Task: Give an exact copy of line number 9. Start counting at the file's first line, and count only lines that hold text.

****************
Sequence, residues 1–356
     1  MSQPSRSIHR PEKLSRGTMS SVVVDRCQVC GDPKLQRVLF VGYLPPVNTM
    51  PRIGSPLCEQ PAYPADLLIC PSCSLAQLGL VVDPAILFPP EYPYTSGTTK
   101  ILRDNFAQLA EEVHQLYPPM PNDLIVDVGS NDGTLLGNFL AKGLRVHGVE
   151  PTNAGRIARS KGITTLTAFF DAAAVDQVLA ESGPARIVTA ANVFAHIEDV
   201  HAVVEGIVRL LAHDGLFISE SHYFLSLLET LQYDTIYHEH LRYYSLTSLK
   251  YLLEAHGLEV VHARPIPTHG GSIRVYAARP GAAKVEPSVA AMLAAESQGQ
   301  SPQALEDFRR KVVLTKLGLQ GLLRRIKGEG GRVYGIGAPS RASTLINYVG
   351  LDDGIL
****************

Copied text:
   351  LDDGIL